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I understand your point Angela, but I agree with SwissBalletFan; moreover, though this are only speculations, given the excellent relationship between Zelensky and Polunin, he could immediately announce his presence, but he didn't and I think this demonstrates his seriousness; in my opinion it's also a good impulse for reflection on Polunin's choice to work as a freelance: this system not only guarantees the artistic freedom of the dancer but it also allows for some variety, cultural exchange, without " threatening" the official corps de ballet because it would only be a few dates; a bit like in the Opera...

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 I think this demonstrates his seriousness

 

Or his uncertainty that Polunin might decide otherwise in the meantime? Concerning his artistic choices and opinions in the last few years, I can't take Polunin for a serious artist, as good as he may be as a dancer. But I see that the prospect of having him dance at Munich seems to beat all my objections. So we'll see in December!

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Or his uncertainty that Polunin might decide otherwise in the meantime? Concerning his artistic choices and opinions in the last few years, I can't take Polunin for a serious artist, as good as he may be as a dancer. But I see that the prospect of having him dance at Munich seems to beat all my objections. So we'll see in December!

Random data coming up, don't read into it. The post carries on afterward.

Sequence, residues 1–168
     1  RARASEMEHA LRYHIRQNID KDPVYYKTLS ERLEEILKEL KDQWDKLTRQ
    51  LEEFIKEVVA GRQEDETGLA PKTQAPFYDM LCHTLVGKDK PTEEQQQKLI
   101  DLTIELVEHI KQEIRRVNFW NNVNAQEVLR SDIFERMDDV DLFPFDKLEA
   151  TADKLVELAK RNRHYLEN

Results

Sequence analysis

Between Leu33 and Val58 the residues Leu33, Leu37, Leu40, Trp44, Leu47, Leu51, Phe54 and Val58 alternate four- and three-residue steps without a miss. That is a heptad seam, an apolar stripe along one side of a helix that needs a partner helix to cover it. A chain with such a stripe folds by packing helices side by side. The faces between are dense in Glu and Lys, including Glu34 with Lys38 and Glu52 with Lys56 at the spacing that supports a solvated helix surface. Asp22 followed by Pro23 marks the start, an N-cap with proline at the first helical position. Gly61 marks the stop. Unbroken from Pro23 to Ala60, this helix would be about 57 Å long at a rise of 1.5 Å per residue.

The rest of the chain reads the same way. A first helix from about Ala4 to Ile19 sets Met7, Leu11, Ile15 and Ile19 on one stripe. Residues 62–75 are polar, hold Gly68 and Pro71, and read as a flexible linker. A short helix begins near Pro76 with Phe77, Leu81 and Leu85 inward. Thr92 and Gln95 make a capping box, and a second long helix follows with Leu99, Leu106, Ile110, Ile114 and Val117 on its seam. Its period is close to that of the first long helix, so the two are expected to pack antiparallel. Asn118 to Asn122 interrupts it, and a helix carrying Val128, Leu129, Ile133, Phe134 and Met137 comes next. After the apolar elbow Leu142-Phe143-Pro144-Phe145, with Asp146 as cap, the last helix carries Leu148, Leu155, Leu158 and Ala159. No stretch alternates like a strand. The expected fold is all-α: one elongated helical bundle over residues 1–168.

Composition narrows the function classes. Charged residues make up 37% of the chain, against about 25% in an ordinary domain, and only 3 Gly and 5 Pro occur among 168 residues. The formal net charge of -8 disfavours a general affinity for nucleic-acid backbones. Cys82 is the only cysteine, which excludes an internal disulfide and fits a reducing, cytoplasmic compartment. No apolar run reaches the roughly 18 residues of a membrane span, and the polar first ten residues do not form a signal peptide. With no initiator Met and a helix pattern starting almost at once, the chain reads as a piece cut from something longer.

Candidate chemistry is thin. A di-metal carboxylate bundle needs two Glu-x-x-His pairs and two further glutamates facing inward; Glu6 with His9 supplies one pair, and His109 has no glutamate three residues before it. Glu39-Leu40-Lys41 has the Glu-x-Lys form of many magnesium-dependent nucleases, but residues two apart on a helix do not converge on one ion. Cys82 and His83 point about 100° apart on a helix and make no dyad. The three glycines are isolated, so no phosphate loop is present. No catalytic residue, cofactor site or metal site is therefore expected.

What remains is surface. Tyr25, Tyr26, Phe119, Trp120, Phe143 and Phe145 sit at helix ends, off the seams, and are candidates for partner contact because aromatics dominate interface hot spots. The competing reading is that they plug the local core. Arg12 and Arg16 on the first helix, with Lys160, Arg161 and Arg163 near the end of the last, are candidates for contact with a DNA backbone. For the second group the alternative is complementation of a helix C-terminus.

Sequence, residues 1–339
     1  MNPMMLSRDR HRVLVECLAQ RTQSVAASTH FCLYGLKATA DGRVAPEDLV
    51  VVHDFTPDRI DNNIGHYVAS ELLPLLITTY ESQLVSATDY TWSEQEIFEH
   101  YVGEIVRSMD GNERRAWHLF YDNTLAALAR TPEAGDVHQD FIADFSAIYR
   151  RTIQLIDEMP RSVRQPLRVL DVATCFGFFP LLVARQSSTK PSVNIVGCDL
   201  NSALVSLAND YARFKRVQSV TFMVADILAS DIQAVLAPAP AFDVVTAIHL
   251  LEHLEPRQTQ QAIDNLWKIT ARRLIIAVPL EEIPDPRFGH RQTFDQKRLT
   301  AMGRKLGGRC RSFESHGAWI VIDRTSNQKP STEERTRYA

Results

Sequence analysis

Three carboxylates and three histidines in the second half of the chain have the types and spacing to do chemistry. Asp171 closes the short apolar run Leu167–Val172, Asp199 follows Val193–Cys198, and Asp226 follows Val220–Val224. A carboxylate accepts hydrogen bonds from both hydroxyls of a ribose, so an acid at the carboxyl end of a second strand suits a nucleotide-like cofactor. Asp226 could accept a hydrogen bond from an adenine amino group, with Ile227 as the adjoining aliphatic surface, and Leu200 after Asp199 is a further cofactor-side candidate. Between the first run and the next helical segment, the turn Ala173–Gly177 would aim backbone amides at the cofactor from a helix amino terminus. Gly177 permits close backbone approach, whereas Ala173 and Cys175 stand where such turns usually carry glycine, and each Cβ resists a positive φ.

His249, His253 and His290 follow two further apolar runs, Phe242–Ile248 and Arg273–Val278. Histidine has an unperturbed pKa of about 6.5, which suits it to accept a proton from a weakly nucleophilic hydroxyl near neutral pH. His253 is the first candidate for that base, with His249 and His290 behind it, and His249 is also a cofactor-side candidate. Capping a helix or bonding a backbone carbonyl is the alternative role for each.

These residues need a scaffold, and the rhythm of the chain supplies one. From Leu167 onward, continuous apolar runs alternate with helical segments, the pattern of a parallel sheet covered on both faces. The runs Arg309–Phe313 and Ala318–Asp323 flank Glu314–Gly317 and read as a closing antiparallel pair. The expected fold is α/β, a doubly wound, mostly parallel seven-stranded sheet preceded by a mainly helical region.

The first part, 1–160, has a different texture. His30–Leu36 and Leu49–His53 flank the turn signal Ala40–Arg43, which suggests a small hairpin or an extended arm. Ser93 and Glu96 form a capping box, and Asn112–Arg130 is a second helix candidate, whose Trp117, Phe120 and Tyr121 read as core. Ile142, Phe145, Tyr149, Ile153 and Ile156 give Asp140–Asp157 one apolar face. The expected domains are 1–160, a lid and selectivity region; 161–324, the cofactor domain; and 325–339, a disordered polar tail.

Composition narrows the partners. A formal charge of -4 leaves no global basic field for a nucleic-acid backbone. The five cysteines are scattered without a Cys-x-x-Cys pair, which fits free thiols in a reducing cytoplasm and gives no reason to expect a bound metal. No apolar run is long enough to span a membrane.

Well, especially considering the affection that his pupil has for him, Zelensky could easily exploit his name, a trend that lately have many theaters, leaving to the artists the problem of giving explanations. Personally I am convinced of Polunin's artistic seriousness; for me nothing of what he done or said can compromise this, not only because I admire those who say what they think (not counting the manipulations of the journalists, who with the history of the "bad boy", can write such beautiful headlines) but simply because when he is on the stage always offers his audience high-level performance; also I find it very important his commitment to greater recognition of the dancers artistic freedom and their opinions; after all some of the greatest artists in history, also in ballet, were nonconformist, rebels, considered troublesome characters if not to say troublemaker, then I dare say that he is in good company from this point of view! :) We'll see how it goes, certainly I will come very gladly to Münich in any case! :)